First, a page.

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Cuomo says New York will sue over GOP tax law

Gov. Andrew M. Cuomo (D-N.Y.) announced plans to sue the federal government over the new tax law on Wednesday. (AP Photo/Bebeto Matthews)

Gov. Andrew M. Cuomo (D-N.Y.) said Wednesday that New York state will sue the federal government over the new Republican tax law, but legal experts are skeptical the lawsuit will hold up in court.

Cuomo said New York will challenge a provision of the law that limits how much Americans can deduct from their federal taxes for payments made to state and local governments. Many of the people most affected by that provision live in states run by Democrats, which tend to have higher state and local tax rates.

Cuomo, widely seen as a potential contender for the Democratic presidential nomination in 2020, said the provision is “violative of states' rights and the principle of equal protection.”

“Washington has launched an all-out, direct attack on New York State's economic future,” Cuomo said at his “State of the State” address in Albany. “It is crass. It is ugly. It is divisive. It is partisan legislating. It is an economic civil war. Make no mistake: They are aiming to hurt us.”

The new GOP law caps how much taxpayers can deduct in state and local taxes at $10,000;  previously, the deduction was unlimited. As a result, New York residents could pay an additional $14 billion in federal taxes, Cuomo said, and taxpayers in California, New Jersey and Illinois are also expected to pay more under the change. Gov. Phil Murphy (D-N.J.) told CNBC last month that “everything is on the table” in terms of combating the GOP law, including challenging its “legality and constitutionality” in court.

But constitutional law professors express doubt that the federal courts will seriously entertain striking down the GOP's cap on the deduction. They noted that Republicans had articulated justifications for ending the state and local deduction beyond a simple attempt to punish liberal voters, and argued that a successful lawsuit may in fact wind up harming progressive policy priorities in the long run.

“The overall incoherence of the bill is real, so I'm sympathetic to New York's claims,” said professor Darien Shanske of the University of California Davis School of Law. “But there are non-crazy arguments for getting rid of the deduction — there's a rational reason to get rid of it, even if it's one you disagree with.”

Cuomo's administration, working with state Attorney General Eric Schneiderman, is exploring a number of legal challenges. They could include arguments that the GOP plan violates the 10th and 14th amendments to the Constitution.

"New York State is exploring a variety of legal claims in response to the divisive federal SALT law," the state's chief counsel, Alphonso David, said in a statement. “The practical and intended impact of this law is to impose a disadvantage on 'blue' states. Courts have historically rejected government action that inappropriately targets a class of people and this should be no different."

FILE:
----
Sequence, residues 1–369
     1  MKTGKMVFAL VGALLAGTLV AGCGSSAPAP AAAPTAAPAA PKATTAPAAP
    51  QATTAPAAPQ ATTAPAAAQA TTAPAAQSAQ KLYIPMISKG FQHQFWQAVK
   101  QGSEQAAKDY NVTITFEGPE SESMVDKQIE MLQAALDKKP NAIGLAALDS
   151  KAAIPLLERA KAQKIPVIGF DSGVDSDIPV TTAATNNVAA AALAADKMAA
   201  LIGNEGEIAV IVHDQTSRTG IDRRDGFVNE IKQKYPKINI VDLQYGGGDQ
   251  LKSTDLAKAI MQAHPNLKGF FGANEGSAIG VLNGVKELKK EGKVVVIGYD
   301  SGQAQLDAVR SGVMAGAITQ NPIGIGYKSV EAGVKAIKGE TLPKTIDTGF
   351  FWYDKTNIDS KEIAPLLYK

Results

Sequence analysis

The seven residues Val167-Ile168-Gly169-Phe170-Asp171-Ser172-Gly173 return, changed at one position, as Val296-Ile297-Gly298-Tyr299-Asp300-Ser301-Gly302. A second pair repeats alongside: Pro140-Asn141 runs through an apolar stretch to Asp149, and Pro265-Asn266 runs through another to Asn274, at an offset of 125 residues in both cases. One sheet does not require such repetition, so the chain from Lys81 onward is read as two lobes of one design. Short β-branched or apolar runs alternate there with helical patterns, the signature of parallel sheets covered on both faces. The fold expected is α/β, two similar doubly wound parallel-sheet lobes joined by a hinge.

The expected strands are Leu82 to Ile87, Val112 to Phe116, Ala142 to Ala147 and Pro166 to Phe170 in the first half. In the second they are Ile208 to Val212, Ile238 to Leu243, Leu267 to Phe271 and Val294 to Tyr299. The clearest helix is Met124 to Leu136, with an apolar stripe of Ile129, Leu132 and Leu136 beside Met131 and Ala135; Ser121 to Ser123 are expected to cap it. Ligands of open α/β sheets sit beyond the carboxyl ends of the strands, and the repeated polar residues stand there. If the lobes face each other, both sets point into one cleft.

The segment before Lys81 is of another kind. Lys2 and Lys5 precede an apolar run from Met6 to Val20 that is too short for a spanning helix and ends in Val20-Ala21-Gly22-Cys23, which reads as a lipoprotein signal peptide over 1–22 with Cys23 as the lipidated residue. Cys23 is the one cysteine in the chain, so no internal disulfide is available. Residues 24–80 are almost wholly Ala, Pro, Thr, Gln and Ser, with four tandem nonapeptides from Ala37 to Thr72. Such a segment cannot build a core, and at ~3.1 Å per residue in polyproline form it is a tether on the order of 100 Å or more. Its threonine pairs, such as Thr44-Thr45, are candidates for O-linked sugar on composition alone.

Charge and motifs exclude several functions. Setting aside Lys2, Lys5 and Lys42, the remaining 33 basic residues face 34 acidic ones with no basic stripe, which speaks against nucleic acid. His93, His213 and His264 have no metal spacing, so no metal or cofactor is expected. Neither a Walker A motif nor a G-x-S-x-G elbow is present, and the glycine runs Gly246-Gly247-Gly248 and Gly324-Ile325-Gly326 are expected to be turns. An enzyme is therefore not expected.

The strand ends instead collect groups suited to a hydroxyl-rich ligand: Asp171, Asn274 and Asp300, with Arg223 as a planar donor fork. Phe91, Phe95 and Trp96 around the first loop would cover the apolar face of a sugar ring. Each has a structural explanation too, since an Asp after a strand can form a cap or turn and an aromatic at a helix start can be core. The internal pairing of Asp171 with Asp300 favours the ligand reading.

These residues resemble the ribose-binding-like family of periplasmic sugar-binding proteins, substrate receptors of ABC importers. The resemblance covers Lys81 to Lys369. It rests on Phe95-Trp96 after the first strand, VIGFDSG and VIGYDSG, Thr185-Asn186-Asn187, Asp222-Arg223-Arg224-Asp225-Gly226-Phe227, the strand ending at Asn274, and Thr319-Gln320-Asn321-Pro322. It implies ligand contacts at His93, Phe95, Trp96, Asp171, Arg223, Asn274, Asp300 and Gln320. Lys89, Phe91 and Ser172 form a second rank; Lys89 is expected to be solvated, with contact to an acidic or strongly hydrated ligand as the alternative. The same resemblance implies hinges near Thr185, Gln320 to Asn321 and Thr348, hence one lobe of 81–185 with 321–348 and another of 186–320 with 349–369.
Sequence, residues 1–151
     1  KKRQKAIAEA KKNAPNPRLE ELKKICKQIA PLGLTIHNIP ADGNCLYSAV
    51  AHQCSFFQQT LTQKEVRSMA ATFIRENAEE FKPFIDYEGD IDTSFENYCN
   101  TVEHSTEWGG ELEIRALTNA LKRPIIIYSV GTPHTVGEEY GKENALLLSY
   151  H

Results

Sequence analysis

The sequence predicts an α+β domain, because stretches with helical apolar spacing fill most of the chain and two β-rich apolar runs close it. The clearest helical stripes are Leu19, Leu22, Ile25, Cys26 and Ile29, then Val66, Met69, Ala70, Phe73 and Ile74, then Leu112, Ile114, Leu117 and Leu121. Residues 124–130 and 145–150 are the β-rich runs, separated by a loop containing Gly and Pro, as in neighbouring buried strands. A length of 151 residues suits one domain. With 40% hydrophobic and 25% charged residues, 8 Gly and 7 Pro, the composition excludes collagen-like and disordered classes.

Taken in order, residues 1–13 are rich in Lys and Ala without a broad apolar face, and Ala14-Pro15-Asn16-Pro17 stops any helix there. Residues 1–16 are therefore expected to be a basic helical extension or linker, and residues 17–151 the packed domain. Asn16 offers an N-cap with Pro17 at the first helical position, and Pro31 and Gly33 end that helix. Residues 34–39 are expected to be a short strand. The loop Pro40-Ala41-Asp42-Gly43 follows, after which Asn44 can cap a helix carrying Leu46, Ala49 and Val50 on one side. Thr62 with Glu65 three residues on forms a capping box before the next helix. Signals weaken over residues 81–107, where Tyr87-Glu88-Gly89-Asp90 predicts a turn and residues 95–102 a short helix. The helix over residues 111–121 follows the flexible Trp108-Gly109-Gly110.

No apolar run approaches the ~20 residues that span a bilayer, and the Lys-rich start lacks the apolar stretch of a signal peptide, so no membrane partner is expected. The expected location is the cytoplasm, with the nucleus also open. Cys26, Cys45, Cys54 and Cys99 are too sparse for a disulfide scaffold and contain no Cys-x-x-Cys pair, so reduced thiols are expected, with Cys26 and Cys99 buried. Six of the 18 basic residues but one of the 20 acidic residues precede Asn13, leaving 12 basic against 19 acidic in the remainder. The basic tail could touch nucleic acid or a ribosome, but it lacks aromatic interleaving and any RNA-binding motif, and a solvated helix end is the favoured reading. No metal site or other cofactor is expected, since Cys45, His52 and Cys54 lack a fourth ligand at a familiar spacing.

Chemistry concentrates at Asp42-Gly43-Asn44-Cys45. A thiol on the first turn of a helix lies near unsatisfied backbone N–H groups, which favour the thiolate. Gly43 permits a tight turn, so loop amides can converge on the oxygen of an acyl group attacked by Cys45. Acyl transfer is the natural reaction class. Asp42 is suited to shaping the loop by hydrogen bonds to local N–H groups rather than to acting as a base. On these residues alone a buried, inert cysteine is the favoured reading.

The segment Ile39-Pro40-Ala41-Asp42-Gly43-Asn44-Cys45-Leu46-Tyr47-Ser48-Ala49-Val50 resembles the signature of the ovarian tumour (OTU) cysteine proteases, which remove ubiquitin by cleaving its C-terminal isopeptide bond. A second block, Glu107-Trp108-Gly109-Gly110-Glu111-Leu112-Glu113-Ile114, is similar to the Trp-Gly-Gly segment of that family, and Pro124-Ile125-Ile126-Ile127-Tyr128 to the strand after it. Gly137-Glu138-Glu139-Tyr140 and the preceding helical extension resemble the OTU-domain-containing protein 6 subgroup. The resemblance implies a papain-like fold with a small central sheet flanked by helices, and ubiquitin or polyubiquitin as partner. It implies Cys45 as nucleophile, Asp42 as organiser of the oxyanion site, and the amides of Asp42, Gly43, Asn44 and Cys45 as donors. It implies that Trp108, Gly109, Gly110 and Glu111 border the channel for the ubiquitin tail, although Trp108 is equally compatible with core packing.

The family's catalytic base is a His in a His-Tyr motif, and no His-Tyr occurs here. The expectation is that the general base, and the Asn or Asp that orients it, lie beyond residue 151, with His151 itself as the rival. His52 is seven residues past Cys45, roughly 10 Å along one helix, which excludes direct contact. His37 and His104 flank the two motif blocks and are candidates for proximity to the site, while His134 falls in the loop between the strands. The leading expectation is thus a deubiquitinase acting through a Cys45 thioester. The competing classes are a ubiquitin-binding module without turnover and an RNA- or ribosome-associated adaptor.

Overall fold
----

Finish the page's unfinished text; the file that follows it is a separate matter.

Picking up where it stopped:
Congress would have violated the 14th Amendment had Republicans passed a tax bill that, for example, specified that taxes be raised on Democratic voters and lowered on Republican voters. But the bill's defenders, and even some of its critics, say that there are nonpartisan justifications for capping the deduction. Speaker Paul D. Ryan (R-Wis.), for instance, argued throughout that the tax debate that eliminating or paring back the deduction would force blue states to lower their local taxes — not that doing so would help make lives miserable for coastal elites.

“The federal government is eliminating what had been an unfair benefit. The U.S. Constitution does not require that high-tax states can give themselves a large federal tax cut, which is essentially what SALT does,” said Brian Riedl, senior fellow at the libertarian-leaning Manhattan Institute, who added of the Cuomo lawsuit: “It's completely frivolous and there's no basis for it.”

Cuomo's other likely argument, that the GOP tax law violates the 10th Amendment's guarantee of state sovereignty, may also not stand up in court, according to Shanske. The 16th Amendment gives Congress the authority to institute a federal income tax, and the federal government has the authority to determine which deductions can be claimed.

“I think that's also a loser,” Shanske said of the 10th Amendment claim.

Michael Dorf, a constitutional law professor at Cornell Law School, has argued the provision could be struck down if it could be shown to have been designed to punish Democrats, perhaps under the First Amendment. But Dorf also acknowledged that the climb to a successful legal challenge to the new law appears steep.

“I think it's a good argument for public debate: In principle, legislators should not tax people based on their political affiliation,” Dorf said. “The hard part is in proving it in court.”